Frankly, I don't know what the hell to say to you, Holden.
I have a feeling that you're riding for some kind of a terrible, terrible fall. But I don't honestly know what kind. . . Are you listening to me?
It may be the kind where, at the age of thirty, you sit in some bar hatingeverybody who comes in looking as if he might have played football in college.
I just don't know. But do you know what I'm driving at, at all?
Then again, you may pick up just enough education to hate people who say, 'It's a secret between he and I.' Or you may end up in some business office, throwing paper clips at the nearest stenographer.
But you're wrong about that hating business. I mean about hating football players and all. You really are. I don't hate too many guys.
After a while, if I didn't see them, if they didn't come in the room, or if I didn't see them in the dining room for a couple of meals, I sort of missed them. I mean I sort of missed them.
What I may do, I may hate them for a little while, like this guy Stradlater I knew at Pencey, and this other boy, Robert Ackley. I hated them once in a while--I admit it--but it doesn't last too long, is what I mean.
All right. Listen to me a minute now . . . I may not word this as memorably as I'd like to, but I'll write you a letter about it in a day or two. Then you can get it all straight. But listen now, anyway.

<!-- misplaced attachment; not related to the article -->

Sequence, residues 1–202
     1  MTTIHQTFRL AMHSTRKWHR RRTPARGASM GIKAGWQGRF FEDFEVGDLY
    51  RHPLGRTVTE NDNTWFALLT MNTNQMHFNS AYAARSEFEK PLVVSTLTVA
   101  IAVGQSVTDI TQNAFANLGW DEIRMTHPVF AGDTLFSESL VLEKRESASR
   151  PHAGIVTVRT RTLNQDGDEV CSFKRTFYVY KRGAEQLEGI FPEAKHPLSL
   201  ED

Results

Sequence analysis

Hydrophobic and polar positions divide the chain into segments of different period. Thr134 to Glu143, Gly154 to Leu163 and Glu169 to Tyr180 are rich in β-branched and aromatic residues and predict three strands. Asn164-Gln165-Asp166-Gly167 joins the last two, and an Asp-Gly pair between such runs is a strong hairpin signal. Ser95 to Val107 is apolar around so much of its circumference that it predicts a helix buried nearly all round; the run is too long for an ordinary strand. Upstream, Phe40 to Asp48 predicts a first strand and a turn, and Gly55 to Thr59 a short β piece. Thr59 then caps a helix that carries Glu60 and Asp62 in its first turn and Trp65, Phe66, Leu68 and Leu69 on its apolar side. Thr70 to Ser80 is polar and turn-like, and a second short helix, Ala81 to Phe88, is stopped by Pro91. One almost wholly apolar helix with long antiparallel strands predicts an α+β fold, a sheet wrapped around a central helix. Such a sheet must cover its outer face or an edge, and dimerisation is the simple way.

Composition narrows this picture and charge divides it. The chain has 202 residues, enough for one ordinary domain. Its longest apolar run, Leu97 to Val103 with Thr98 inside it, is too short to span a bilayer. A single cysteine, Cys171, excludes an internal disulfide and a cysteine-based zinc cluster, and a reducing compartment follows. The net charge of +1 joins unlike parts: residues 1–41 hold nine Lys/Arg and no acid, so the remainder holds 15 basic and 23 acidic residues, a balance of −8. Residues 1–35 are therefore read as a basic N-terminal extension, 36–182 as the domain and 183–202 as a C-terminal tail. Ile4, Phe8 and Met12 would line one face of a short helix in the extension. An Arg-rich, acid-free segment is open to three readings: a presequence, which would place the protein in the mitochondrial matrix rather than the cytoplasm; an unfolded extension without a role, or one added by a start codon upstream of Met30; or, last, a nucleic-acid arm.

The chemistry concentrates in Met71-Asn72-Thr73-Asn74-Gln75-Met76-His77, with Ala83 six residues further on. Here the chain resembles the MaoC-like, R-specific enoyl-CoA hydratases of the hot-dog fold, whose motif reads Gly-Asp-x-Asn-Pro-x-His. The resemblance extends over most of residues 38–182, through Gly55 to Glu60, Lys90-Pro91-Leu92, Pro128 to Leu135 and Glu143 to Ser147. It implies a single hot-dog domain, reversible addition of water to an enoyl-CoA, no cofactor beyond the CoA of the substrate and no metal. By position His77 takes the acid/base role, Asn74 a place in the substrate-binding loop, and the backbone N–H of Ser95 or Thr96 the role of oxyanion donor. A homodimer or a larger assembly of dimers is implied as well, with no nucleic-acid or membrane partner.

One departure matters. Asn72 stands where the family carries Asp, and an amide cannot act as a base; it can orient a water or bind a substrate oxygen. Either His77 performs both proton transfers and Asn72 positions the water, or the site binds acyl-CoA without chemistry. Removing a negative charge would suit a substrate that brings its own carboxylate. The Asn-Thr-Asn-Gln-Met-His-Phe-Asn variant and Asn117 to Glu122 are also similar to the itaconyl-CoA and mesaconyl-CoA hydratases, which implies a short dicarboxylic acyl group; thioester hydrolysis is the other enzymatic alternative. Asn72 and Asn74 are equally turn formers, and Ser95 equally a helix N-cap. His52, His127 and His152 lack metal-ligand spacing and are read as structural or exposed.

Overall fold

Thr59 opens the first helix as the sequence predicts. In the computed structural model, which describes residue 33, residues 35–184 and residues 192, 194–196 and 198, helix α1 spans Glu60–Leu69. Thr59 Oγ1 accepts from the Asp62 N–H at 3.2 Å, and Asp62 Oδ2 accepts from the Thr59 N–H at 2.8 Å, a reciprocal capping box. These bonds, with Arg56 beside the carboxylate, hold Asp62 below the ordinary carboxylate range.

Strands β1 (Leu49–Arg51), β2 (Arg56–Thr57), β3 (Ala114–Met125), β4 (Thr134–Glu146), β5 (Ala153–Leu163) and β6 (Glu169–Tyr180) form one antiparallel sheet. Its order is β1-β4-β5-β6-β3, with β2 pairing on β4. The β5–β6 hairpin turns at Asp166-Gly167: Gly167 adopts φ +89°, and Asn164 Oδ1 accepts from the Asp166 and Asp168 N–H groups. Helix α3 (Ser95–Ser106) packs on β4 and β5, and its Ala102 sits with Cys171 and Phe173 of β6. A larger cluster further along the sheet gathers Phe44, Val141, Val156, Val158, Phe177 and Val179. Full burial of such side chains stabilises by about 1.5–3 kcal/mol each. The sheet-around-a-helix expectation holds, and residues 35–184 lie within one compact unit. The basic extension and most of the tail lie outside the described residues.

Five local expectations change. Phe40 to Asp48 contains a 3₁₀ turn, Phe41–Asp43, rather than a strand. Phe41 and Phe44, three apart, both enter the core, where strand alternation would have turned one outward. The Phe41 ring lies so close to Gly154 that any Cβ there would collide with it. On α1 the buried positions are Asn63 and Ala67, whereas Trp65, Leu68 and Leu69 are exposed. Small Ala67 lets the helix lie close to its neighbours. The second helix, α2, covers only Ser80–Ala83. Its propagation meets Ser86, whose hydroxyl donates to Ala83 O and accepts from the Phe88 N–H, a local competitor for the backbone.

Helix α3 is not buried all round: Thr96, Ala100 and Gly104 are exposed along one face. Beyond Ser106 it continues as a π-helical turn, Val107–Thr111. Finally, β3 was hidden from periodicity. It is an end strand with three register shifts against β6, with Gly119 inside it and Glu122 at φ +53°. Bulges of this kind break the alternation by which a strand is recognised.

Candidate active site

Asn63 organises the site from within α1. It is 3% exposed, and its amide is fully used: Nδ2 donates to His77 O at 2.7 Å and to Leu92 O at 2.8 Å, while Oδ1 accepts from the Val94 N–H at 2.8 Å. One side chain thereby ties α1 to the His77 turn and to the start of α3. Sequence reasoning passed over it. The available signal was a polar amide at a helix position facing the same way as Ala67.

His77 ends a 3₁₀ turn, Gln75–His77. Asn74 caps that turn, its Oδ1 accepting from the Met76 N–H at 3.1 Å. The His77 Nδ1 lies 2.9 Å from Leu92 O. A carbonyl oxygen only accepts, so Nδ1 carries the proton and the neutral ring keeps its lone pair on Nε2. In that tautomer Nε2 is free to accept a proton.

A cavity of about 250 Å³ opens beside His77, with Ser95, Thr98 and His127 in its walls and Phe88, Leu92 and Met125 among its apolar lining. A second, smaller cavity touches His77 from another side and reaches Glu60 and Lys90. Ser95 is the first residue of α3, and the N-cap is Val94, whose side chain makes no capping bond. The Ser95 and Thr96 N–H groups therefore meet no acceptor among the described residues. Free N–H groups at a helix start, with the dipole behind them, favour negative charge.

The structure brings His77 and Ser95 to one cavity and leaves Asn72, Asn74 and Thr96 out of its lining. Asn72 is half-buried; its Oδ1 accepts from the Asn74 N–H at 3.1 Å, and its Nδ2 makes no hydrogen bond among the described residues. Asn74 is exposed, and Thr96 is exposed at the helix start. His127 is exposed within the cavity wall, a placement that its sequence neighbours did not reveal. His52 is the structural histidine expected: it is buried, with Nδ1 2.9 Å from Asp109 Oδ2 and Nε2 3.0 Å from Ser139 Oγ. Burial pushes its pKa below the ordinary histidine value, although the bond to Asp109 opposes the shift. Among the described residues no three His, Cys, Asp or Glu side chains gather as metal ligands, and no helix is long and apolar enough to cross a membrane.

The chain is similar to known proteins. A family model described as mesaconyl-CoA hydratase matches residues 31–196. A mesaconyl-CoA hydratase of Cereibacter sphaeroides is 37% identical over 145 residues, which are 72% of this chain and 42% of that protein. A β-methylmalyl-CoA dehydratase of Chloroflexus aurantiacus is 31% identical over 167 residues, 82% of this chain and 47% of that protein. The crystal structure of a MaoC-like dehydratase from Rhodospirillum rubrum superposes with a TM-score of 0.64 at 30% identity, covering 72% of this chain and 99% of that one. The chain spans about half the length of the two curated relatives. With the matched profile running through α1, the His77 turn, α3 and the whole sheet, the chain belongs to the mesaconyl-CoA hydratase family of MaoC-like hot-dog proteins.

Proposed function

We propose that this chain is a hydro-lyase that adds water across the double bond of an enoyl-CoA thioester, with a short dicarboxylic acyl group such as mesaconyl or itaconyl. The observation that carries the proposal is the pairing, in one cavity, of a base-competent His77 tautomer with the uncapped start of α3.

The whole arrangement's designed for men who, at some time or other in their lives, were looking for something their own environment couldn't supply them with. Or they thought their own environment couldn't supply them with. So they gave up looking. They gave it up before they ever really even got started.
This fall I think you're riding for--it's a special kind of fall, a horrible kind. The man falling isn't permitted to feel or hear himself hit bottom. He just keeps falling and falling.
I don't want to scare you, but I can very clearly see you dying nobly, one way or another, for some highly unworthy cause. If I write something down for you, will you read it carefully? And keep it?
You follow me?
Yes, sure I am.
Oddly enough, this wasn't written by a practicing poet. It was written by a psychoanalyst named Wilhelm Stekel. Here's what he--Are you still with me?